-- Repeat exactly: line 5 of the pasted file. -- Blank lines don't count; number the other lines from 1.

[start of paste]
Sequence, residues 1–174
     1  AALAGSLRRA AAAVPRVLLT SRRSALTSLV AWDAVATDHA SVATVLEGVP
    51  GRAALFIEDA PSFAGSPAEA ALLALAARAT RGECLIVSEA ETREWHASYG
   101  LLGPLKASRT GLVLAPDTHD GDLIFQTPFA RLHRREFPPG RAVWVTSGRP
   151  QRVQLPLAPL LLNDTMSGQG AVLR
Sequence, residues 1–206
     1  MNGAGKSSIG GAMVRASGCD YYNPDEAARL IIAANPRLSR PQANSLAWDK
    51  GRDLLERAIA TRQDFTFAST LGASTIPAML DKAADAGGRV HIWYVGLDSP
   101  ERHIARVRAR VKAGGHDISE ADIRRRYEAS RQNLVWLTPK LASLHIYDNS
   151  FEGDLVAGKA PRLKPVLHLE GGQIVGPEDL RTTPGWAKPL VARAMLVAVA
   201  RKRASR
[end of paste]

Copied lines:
   151  QRVQLPLAPL LLNDTMSGQG AVLR